Saturday, 15 April 2017

Close to Home ....Clare Coombes


As a book reviewer I have made contact with authors from all across the globe and feel immensely privileged to be able to share some amazing work. However, there is always something rather special when a book comes to my attention which has been written by an author in my part of the North of England. So with this in mind I have great pleasure in featuring some of those authors who are literally close to my home. Over the next few Saturdays, and hopefully beyond, I will be sharing the work of a very talented bunch of Northern authors and discovering just what being a Northerner means to them both in terms of inspiration and also in their writing.



Today I welcome North West Writer

Clare Coombes






Tell us a little about yourself and what got you started as an author?

As well as being a fiction writer, I’ve covered areas from art and culture to sport science and astrophysics used by media like The Guardian and the BBC as sources for stories. Working with NASA discovering new planets ,and conservation scientists for the evolution of language and orang-utan ‘kiss squeaks’ have been two particular highlights this year.


Nasa Story - Seven New Planets


Photo Credit : Tim Laman



My first novel Definitions was published in 2015, and I have been commended for short stories and novel extracts in a number of publications, competitions and academic journals. My postgraduate teaching has included how to ‘pitch’ to agents and publishers and social media for writers. I have judged fiction competitions and spoken in schools and high profile events on writing as a career. I have also worked as an advisor and editor for aspiring writers and authors, many who have gone on to become published and win awards. 





But how did I get into writing at all? Most authors would probably say they’ve been writing for as long as they can remember, I’ve said the same in interviews in the past, but it was really after my mum died that I started to take it seriously. That doesn’t mean anything I wrote at the time was good, in fact most of it, particularly the fiction, was bad, but it was a way of me starting to work through my grief. 

My first published articles were non-fiction. The one I’m most proud of is still ‘Beyond Hollywood Grief’ in Openmind Mental Health Magazine where I talked about the effects of bereavement on those who are at that in-between stage in life – not feeling like a child or an adult, while being treated as both simultaneously. I wrote it so that other people who had been through the same thing as me could read it, which leads onto another reason I became an author, reading.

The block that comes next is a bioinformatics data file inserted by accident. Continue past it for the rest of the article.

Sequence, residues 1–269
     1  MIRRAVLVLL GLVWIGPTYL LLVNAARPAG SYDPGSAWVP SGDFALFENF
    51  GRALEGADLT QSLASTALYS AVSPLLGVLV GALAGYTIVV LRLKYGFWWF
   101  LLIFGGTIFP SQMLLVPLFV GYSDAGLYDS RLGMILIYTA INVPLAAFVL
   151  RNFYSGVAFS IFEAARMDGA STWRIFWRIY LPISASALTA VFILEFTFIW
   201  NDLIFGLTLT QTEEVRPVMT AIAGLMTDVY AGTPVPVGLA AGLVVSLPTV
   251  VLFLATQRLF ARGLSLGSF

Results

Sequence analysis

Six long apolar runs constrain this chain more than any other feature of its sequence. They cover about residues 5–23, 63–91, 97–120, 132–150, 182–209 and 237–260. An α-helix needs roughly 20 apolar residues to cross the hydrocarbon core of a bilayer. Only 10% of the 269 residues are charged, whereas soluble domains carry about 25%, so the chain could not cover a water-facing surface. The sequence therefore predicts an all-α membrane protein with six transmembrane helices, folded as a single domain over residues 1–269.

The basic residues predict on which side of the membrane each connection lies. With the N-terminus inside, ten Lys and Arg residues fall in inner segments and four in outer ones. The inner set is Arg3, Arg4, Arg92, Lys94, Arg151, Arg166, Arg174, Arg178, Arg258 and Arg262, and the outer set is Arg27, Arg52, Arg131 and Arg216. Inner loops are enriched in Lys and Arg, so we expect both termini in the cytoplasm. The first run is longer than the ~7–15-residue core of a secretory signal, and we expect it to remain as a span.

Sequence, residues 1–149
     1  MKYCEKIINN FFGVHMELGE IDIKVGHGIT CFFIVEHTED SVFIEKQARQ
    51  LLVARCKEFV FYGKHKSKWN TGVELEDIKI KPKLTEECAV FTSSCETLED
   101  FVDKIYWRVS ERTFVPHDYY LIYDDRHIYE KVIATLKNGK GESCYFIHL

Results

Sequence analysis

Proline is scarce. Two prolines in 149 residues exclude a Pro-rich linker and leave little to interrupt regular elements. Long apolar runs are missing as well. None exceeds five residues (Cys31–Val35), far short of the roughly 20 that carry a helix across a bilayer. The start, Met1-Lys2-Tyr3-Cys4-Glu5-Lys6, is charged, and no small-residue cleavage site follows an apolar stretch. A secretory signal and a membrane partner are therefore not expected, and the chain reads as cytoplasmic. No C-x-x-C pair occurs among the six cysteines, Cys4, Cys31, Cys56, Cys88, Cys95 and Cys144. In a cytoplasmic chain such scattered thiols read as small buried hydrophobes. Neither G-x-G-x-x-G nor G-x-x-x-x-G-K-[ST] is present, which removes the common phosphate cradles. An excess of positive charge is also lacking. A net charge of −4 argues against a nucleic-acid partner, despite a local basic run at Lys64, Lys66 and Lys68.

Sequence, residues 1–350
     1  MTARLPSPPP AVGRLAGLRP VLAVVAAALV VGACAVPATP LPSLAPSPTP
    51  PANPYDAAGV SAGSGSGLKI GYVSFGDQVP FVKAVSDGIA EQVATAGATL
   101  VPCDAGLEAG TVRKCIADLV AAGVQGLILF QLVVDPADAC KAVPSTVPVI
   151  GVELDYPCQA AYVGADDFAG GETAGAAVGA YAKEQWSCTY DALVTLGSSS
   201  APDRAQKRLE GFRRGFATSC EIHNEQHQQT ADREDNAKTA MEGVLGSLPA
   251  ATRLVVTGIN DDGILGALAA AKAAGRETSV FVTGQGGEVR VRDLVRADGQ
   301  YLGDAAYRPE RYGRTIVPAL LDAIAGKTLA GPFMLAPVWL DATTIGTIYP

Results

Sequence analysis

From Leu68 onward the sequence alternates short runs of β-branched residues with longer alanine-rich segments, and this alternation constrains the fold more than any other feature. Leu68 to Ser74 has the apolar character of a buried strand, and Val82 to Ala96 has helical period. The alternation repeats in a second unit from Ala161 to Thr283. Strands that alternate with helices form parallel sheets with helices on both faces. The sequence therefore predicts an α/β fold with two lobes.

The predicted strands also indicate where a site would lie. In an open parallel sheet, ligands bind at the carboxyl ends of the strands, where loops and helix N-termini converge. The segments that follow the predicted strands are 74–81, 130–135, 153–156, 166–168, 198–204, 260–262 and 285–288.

Books have always there for me through everything. That doesn’t mean I was lonely or anything, although I was a bit of a weird child. I had a form of crippling shyness up to around senior school that I think reading helped me get out of, because it gave me the confidence to be me. It let me know that there were other weird people with weird thoughts out there. I’m still an introvert, as I think most writers are, but reading helped me manage that. These days I’m even proud of being one. 

I got better at fiction because I worked at it. Some people say that writing should be a natural talent and you can’t teach it but that is wrong. All talent needs teaching, in any subject. You wouldn’t tell someone who was good at football or tennis that they didn’t need to train. And I did lots of training. I did a Masters in Writing at Liverpool John Moores University, joined writing groups, read and wrote a great deal and researched. 

My style is to take a life experience and use the emotions to produce a piece of fiction that I think will help people. That’s why, after a recent maternity leave break I’m working on - The Mum without a Mum Diaries. It’s a bit of Adrian Mole meets Bridget Jones and I’m including the first preview of the book blurb and chapter in this interview. 

Most books about the experiences of being a mum are non-fiction. There are also a limited number that look at how you cope with being a mum when you have lost your own. This is my own life experience as my mum died when I was 18 and I've just had a baby but I didn't want to do this as an autobiography. Instead I thought I could put the emotions in but create a fictional piece with additional plot threads (not based on my life) so this would appeal to a range of readers. 

Clare with husband Joe and baby Esmé


The Mum without a Mum Diaries